A bit of local context : 1912 DTES & Chinatown, Vancouver. Four years before women's suffrage would become the law in B.C. Five years before B.C. would introduce wartime alcohol prohibition. A raw wild west resource-based economy run by men for men for better or for worse. Women and whisky quite the lifeblood here, cops and politicians often the most regular of patrons in the saloons and bawdy houses under their watch.

Following a Portland, OR initiative in 1908, Vancouver Police were the first in Canada four years later to decide they needed a couple of women constables to help out ministering to the city's "wayward girls and women". Referred to as the "women's protective division", their purpose more "morality enforcement" than busting chops. Enter Lurancy "Lou" Harris (Leanna Brodie) and Minnie Eakin Miller (Sarah Louise Turner). No uniforms, no guns, just little purses to carry their little badges worn atop their skirts and petticoats. Their beat? The beaches, taverns, dance halls, and gambling dives of Vancouver's Hogan's Alley where women were often prey for men, particularly come payday.

A century later on a micro level society sees some cosmetic changes to this familiar scenario, but still much for the contemporary eye to compare and relate to given 2016's news hi-lites of rampant RCMP and Canadian Forces sexism and harassment, not to mention what the Indigenous Women task force will, eventually, unearth about the missing and murdered in recent years from those communities.

From the footlights : This original 75-minute script by local playwright Sally Stubbs tells the imagined-tale of these two real life constables : Harris, 48, the wannabe-man-in-a-man's world, Miller, 34, the Christian-nurse-cop-spinster-do-gooder with a big rich heart from the Central Mission Rescue & Protection Society. Women doing men's work but at women's wages -- hired into the lowliest Constable 4 echelon for $20 a week -- and forcefully kept under the thumb of their male bosses. 

This is a long-forgotten, barely recorded episode in Vancouver Police Department's early 20th century life. Through a series of vignettes strung together mostly by the honky-tonk piano of Patrick Courtin. His plinky-plunk charts underscore the various scenes that sketch out how these women search for the what & how of their work, each with their own "why" at play.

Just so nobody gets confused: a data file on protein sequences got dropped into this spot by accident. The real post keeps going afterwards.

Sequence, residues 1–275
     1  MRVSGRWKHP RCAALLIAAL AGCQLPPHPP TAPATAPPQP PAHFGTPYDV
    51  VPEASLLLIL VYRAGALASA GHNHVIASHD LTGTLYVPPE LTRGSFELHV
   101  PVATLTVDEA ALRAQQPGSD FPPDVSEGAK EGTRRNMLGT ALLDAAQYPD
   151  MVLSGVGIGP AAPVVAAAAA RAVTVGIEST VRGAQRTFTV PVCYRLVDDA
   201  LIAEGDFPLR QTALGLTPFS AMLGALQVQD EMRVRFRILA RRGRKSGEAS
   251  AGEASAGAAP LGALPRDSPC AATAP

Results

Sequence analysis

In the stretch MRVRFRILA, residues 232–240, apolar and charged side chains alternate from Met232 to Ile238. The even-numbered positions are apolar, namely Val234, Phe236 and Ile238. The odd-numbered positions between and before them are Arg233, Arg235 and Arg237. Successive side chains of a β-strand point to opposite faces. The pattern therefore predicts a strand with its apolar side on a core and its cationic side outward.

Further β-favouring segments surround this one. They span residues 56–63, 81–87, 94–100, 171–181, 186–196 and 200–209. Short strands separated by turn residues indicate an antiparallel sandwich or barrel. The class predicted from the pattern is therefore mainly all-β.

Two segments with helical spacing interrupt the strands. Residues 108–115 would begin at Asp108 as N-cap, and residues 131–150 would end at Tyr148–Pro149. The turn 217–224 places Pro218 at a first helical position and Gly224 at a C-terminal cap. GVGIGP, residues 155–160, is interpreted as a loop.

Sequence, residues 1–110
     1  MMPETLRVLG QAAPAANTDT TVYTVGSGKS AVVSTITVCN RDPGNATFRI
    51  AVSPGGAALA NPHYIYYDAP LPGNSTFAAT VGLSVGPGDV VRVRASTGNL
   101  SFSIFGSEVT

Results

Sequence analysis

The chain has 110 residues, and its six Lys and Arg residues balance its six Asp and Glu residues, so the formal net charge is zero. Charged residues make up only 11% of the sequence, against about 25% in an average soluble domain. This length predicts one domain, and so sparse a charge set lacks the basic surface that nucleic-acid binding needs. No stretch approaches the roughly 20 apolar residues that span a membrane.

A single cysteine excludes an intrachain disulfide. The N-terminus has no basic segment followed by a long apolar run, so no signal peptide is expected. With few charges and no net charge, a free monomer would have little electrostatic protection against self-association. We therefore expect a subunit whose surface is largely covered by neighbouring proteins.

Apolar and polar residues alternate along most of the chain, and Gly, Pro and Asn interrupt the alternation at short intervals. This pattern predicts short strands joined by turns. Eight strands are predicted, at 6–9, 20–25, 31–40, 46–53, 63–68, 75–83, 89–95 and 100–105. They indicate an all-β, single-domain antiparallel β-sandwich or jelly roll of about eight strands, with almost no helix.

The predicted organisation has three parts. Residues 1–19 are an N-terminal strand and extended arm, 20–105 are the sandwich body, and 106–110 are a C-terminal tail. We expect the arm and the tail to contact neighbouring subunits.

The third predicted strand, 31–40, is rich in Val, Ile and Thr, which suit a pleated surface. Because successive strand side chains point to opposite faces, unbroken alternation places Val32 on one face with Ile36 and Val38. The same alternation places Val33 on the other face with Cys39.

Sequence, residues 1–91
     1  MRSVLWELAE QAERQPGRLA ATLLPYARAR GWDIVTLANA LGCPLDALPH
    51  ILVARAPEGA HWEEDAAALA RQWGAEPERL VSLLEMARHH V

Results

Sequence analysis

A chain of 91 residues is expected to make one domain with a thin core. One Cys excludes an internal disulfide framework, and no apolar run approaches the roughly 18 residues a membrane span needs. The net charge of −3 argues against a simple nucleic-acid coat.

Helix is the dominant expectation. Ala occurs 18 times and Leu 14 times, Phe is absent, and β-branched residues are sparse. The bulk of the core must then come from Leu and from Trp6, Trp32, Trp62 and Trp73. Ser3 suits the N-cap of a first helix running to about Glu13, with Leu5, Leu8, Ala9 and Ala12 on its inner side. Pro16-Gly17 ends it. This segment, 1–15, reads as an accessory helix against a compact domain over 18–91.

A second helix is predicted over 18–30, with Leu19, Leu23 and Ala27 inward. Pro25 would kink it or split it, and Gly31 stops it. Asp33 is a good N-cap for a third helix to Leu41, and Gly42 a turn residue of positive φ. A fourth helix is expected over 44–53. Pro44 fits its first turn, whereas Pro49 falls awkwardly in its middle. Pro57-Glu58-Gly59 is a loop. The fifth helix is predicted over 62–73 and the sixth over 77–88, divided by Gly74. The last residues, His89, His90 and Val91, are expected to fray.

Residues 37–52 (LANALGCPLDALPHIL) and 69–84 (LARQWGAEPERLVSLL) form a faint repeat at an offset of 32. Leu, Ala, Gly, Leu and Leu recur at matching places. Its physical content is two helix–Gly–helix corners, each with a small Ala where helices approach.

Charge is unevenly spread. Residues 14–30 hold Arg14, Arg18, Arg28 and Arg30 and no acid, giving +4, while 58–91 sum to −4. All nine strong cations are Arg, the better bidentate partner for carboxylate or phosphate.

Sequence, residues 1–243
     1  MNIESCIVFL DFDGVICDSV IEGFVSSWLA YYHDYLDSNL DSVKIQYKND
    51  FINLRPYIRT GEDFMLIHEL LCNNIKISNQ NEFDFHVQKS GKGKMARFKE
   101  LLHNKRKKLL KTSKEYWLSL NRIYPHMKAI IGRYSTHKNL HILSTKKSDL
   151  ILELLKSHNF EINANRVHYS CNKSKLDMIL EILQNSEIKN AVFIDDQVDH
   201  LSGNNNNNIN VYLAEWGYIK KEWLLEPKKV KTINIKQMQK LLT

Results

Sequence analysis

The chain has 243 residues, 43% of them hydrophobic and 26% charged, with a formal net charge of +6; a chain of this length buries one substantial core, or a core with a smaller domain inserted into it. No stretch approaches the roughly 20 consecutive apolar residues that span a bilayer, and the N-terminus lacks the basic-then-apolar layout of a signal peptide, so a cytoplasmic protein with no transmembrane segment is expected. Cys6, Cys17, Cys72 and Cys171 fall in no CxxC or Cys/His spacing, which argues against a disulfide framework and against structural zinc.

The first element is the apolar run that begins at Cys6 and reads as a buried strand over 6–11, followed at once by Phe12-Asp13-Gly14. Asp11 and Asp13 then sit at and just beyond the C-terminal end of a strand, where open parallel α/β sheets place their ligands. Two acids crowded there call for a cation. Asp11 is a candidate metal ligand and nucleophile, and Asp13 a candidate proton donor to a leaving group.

The functional box-crates and skids of Brian Ball's set serve as desks, stools and jail cells. Sound effects props are engaged from upstage tables, while downstage the characters mime the various teacup clinks, handcuff noises, the regular swirl of booze being poured into glasses and slurped up.

What the show brings to the stage : The singing reference was apparently borrowed from a Calgary police tale about a violent woman repeatedly jailed -- what emergency folk refer to as a "frequent flyer" -- who despite her tendency to assault her captors could be quieted by singing. 

In this case the bellicose barkeep Bella (Beatrice Zeilinger) was able to be calmed by Minnie when she struck up the tune "You Great Big Beautiful Gal". 

Simon Webb plays three male characters, the feckless and spiteful Constable Fields, the women's boss. Also Alderman Daniel Crane who lusts after the 14-year-old Chinese prostitute "Mai Ji" (Agnes Tong) whose parents knew her as Maggie Fraser. Webb's turn as the low-grade nasty pimp and hustler Connor O'Rourke was superbly repulsive.

Production values : While the show lacks the visual wizardry of Arts Club's 2014 show Helen Lawrence set in 1948, Bella tells its 1912 tale with simple functional staging ideal for small rooms. Director Sarah Rodgers and her assistant Ian Harmon mix their characters' contrasts well, each of Turner and Webb providing the evening's most compelling performances. 

The choreography of set changes, frequent as they were, was a bit belaboured and fussy at times, but lighting (Kyla Gardiner) and costumes (Barbara Clayton) played off one another magnetically. That the backstory took place originally right outside Firehall Arts Centre's doors came through convincingly & emotionally thanks to their skilled by-play.

Who gonna like :  Coffee house theatre fans will enjoy the simple and uncomplex artistry of Bella that could be performed easily on a stage 1/2 the size of Firehall's with equal effect. Folks who're born and raised in Vancouver will find this snatch of DTES / Chinatown history intriguing. The feminist issues raised in the script are almost as timely and poignant a century hence as they were back then. Back when male chauvinist tendencies in North American society were just that more open, obvious and obnoxious than they are in the New World Order of Trumputin politics now before us. Local history by local talent is what Bella delivers -- the final 10 minutes of the show particularly pull all its pieces together poignantly and touchingly.

Particulars : Produced by And Bella Collective in association with the Firehall Arts Centre. Playwright Sally Stubbs.  Performances January 4-14. Tickets and schedule through Firehall Arts Centre  Run-time 75 minutes, no intermission.

Production crew : Sarah Rodgers, Ian Harmon (Directors).  Patrick Courtin (Pianist). Barbara Clayden (Costume Designer).  Brian Ball (Set Designer). Kyla Gardiner (Lighting Designer).  Breanne Harmon (Stage Manager).  

Peformers : Leanna Brodie.  Agnes Tong.  Sarah Louise Turner.  Simon Webb.  Beatrice Zeilinger.